There was a time when I went to administer the night medication to customer X and realised that he was heavily under the influence of alcohol. Me and my colleagues had noticed that he had been consuming brandy all day. In addition staff had been seen purchasing 2 bottles of brandy by one of my colleagues. Customer X was taking the following medication which was recorded in the MAR chart:
Citalopram 20mg tablets – one tablet daily (morning)
Citalopram 10mg tablets – one tablet daily (morning)
Chlorpromazine 50mg tablets – one tablet 3 times daily (morning, midday, night) Chlorpromazine 100mg tablets – one tablet 3 times daily (morning, midday, night)
Valproate Semi sodium 500mg tablets – one tablet 3 times daily (morning, midday, night)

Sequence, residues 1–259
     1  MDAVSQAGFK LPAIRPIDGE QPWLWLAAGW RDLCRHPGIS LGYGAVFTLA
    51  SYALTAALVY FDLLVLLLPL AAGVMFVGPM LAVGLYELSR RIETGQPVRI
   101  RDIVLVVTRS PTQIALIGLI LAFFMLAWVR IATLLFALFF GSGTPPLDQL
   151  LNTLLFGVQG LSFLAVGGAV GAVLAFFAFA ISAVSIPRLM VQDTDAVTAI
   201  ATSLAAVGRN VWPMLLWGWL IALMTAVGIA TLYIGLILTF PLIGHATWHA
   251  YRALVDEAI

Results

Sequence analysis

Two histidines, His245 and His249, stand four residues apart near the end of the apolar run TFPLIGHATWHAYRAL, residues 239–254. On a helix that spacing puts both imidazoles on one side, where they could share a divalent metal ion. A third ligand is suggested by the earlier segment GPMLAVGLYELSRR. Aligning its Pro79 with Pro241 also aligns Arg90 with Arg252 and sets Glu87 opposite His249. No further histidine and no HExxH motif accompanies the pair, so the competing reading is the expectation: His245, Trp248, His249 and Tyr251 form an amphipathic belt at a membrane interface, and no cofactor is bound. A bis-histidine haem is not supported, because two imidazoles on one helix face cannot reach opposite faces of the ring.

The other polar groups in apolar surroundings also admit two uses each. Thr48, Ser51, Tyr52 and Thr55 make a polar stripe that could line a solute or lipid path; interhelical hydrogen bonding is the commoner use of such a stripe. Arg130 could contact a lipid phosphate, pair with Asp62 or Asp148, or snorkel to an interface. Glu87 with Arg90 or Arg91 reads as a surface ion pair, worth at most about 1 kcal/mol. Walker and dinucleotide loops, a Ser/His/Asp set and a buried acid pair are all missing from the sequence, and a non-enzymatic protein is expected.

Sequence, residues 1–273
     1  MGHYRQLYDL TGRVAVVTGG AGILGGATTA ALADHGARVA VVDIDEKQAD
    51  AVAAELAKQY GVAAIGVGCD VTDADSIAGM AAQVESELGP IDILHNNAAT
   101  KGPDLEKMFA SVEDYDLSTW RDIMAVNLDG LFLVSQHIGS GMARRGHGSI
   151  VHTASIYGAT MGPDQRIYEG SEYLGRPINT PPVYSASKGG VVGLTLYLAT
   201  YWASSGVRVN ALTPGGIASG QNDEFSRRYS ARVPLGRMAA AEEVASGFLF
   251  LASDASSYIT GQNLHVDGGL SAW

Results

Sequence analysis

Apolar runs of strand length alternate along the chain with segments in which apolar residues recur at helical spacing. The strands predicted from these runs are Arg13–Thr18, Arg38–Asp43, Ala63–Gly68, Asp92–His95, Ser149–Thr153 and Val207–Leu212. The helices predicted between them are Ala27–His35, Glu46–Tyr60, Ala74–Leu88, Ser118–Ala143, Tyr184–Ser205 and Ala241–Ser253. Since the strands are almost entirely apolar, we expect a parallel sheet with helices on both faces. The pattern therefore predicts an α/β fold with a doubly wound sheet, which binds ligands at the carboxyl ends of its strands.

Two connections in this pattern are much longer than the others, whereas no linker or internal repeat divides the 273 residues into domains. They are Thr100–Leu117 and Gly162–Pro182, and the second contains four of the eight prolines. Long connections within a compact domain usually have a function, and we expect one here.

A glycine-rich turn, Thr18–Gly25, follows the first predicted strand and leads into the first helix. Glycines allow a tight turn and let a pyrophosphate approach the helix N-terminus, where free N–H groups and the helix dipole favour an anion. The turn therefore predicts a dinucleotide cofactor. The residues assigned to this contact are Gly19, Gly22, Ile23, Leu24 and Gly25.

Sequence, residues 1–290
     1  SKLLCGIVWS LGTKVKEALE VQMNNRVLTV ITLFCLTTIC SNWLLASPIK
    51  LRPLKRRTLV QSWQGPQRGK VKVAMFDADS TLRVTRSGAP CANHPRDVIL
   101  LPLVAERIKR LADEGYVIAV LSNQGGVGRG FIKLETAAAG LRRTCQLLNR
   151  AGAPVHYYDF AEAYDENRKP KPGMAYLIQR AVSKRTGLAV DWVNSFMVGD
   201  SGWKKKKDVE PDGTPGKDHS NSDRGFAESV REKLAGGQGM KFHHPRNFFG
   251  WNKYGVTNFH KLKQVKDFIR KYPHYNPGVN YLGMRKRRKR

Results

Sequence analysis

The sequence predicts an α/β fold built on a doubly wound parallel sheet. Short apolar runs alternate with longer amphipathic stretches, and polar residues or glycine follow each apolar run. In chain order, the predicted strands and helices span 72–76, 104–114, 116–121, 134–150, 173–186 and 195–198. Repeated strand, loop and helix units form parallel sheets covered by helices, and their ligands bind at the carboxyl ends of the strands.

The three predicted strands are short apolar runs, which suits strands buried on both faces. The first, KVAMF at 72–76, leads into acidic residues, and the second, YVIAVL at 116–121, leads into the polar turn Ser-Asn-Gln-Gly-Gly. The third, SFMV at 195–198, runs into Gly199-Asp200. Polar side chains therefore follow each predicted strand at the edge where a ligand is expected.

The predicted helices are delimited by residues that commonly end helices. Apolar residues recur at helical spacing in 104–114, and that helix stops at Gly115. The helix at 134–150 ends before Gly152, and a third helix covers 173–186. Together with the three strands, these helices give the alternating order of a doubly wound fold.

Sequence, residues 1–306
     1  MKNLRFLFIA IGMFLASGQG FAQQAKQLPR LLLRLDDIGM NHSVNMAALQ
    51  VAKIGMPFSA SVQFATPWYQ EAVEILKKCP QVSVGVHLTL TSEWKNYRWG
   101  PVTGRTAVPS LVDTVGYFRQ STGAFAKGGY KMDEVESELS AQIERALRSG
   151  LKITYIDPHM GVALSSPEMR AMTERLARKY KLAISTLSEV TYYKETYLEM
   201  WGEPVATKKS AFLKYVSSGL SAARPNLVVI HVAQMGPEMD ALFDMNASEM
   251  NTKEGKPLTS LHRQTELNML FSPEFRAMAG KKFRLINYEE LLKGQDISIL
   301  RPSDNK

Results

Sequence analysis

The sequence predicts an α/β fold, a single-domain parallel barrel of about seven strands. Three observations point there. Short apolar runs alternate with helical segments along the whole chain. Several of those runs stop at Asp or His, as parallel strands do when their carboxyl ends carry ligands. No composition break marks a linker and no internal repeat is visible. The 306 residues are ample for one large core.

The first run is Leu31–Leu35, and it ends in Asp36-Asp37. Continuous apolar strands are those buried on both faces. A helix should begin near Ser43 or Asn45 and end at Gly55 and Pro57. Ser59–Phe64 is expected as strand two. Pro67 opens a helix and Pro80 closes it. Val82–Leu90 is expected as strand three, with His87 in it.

Sodium Chloride MR 600mg tablets – 2 tablets 4 times daily (morning, midday, teatime, night)
Promethazine HCI 25mg tablets – one tablet daily (night)
Procyclidine 5mg tablets – one tablet daily (morning)
Lorazepam 1mg tablets – one twice daily (morning, night)
Omeprazole 10mg capsules – one capsule daily.
Because it was out of hours, I contacted the crisis team to inform them of the situation and to seek advice. I was advised not to give any medication to Customer X as mixing it with alcohol could have an adverse reaction and be life threatening. I then contacted the on-call manager for my workplace to inform of the occurrence.
I tried to customer X the reason why he would not be given his medication but he seemed to have very reduced concentration due to being intoxicated with alcohol. I waited for the next day when he was sober and informed him of all the actions taken the night before regarding his medication. I also gave him information and advice about the risks of mixing any kind of medication with alcohol and offered support and information about alcohol support services.
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